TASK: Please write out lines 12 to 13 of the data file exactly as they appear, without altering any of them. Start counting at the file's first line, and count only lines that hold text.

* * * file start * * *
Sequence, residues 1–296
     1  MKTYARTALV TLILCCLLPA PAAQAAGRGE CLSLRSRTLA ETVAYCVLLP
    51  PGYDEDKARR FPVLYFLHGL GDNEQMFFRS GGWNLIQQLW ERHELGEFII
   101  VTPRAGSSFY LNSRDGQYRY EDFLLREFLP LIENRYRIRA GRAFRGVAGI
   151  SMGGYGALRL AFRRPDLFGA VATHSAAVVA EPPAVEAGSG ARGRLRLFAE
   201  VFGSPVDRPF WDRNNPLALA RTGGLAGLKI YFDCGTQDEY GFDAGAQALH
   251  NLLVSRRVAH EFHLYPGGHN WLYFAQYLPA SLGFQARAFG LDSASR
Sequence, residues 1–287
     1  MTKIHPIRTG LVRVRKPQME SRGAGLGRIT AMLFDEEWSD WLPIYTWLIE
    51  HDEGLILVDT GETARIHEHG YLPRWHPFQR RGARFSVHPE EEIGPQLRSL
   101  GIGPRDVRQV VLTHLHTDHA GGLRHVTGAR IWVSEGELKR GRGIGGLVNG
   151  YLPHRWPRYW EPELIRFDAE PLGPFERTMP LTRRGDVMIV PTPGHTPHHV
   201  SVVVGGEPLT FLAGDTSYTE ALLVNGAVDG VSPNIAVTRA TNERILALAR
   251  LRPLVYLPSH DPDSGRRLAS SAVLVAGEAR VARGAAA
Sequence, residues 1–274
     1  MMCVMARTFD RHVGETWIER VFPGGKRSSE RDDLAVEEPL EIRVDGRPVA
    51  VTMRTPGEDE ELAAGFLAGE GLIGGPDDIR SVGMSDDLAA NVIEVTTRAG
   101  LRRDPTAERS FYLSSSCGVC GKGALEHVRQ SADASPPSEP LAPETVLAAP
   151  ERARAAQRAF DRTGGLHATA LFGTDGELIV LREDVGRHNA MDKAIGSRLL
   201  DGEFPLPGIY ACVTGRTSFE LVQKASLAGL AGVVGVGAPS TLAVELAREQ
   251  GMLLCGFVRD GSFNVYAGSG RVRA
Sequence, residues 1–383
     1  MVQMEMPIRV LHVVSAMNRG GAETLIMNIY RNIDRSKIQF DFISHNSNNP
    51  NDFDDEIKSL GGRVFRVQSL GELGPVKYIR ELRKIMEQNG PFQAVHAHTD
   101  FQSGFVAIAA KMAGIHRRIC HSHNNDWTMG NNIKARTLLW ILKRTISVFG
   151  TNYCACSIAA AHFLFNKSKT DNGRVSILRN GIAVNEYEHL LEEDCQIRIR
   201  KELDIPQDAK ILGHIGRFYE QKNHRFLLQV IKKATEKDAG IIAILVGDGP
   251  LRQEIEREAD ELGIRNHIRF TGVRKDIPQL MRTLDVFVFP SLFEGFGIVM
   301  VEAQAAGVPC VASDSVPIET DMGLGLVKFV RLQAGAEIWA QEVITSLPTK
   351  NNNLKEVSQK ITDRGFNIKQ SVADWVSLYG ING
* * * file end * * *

   151  YLPHRWPRYW EPELIRFDAE PLGPFERTMP LTRRGDVMIV PTPGHTPHHV
   201  SVVVGGEPLT FLAGDTSYTE ALLVNGAVDG VSPNIAVTRA TNERILALAR